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True Detective: Night Country Episode 6 Confirms What Happened To Liz Danvers' Family

There's a lot of mystery at the heart of "True Detective: Night Country." While that's basically the thrust of the entire show, Season 4 seems to be especially mired in secrets and lies. One of the most confounding aspects of the story has to do with its central character, Liz Danvers (Jodie Foster).

It's clear from the first episode that Liz is struggling with something from her past, and it soon becomes obvious that this isn't just concerning her and Navarro's (Kali Reis) secret either. Still, it isn't until the final episode that we discover what happened to Liz's family in "True Detective: Night Country."

As some might have guessed from the hints dropped throughout the series, Liz's husband and son died in a car crash. Dealing with the effects of hypothermia after falling through ice, Liz sees visions of her family, including the fateful accident that claimed their lives. This may also help explain other little details about Liz throughout the season, like how taken aback she is when she steps on a shard of glass and finds it embedded in her shoe, just like at the accident.

What does this tell us about Liz in the present day?

Viewers undoubtedly notice that Liz has a somewhat parental role in the lives of many younger characters. While the most obvious ones might be Pete (Finn Bennett) and Leah (Isabella Star LaBlanc), there's also an argument to be made for Navarro, who, at the very least, was once mentored by the older officer.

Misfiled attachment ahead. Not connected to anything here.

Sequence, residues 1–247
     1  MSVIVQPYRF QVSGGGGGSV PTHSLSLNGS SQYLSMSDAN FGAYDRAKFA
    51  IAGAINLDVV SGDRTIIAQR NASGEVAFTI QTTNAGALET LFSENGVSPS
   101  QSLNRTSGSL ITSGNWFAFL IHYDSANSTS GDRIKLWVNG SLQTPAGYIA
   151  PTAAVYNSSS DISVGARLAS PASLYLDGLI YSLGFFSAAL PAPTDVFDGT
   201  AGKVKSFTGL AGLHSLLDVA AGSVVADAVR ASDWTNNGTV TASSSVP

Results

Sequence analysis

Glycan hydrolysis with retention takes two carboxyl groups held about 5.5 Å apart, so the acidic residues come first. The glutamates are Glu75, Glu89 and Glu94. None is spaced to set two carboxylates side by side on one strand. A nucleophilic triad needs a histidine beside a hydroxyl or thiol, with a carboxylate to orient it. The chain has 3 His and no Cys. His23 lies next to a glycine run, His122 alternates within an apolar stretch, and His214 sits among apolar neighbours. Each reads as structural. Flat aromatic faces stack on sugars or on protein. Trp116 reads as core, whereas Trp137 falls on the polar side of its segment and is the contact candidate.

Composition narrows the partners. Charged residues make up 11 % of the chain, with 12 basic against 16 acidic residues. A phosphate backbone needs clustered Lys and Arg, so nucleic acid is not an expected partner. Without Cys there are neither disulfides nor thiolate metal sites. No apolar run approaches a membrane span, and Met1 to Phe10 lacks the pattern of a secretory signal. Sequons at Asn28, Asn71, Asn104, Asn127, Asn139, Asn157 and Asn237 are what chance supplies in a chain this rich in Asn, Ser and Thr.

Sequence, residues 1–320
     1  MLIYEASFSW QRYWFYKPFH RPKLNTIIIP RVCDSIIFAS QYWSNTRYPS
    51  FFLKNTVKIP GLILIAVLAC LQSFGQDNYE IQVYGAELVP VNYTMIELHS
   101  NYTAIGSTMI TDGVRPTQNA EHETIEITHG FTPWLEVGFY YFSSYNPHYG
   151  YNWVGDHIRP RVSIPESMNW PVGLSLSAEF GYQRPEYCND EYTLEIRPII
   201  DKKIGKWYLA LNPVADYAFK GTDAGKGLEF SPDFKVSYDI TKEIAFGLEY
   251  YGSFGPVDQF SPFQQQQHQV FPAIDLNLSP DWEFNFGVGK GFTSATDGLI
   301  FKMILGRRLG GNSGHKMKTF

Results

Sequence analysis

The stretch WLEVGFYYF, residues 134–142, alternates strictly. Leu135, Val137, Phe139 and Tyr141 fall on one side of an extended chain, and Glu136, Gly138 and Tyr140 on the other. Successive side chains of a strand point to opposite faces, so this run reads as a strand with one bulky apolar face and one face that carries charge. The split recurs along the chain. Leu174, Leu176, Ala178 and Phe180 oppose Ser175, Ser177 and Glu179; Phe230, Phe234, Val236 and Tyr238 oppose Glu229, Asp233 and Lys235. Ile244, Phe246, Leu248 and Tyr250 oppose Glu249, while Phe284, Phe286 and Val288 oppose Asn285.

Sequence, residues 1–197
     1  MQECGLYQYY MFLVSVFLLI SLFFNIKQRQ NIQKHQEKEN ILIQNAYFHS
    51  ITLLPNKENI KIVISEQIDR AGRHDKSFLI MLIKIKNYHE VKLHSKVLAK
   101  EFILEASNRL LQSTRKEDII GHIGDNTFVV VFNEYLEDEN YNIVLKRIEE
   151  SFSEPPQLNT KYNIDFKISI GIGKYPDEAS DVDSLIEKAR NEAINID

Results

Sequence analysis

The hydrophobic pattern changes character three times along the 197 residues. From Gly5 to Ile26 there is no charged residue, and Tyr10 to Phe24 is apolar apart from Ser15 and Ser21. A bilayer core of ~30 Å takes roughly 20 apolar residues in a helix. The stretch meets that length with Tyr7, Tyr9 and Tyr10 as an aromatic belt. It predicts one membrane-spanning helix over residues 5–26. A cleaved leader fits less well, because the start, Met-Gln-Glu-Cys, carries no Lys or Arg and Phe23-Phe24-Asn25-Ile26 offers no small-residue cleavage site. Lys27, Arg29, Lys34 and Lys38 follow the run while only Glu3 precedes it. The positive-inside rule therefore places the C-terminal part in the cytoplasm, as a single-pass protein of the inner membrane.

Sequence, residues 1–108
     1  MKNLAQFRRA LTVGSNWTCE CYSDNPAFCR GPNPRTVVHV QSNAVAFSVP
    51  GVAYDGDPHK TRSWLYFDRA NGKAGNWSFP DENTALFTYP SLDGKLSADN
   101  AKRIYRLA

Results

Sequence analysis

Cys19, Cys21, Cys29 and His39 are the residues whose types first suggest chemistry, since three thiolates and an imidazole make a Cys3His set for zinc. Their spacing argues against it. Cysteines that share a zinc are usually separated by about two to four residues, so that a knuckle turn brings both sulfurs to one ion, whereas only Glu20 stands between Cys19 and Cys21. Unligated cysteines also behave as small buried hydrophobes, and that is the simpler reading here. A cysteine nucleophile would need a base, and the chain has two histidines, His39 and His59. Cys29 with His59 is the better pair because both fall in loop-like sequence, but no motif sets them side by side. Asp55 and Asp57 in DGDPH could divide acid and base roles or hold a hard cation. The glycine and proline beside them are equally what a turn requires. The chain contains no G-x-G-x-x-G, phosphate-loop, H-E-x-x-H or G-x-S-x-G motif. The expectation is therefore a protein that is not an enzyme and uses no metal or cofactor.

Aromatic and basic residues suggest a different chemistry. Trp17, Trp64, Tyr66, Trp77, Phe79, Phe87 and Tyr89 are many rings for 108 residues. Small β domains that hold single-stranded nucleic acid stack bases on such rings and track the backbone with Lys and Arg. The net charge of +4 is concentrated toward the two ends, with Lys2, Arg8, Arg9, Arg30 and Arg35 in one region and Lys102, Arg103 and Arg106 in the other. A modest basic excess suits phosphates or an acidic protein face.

The tragedy may also help to explain Liz's promiscuity. As Navarro asks her at one point, "Is there anyone in this town who you haven't slept with?" While there's nothing wrong with being sexually active with multiple partners, it makes sense that the character, who is also frequently seen drinking, may be trying to fill the hole left in her life by her lost husband.

Still, it's her son's death that dominates Liz's thoughts most. Not only does the event haunt her throughout "True Detective: Night Country," but it seems to have shaken her faith and her belief in humanity as inherently good. While no amount of solace can fill a hole of grief that large, it appears Liz has at least found some peace by the end of the series. Furthermore, with Leah and Pete (and perhaps Navarro) still in her life, she has the chance to continue to teach younger people she cares about, even if they occasionally butt heads.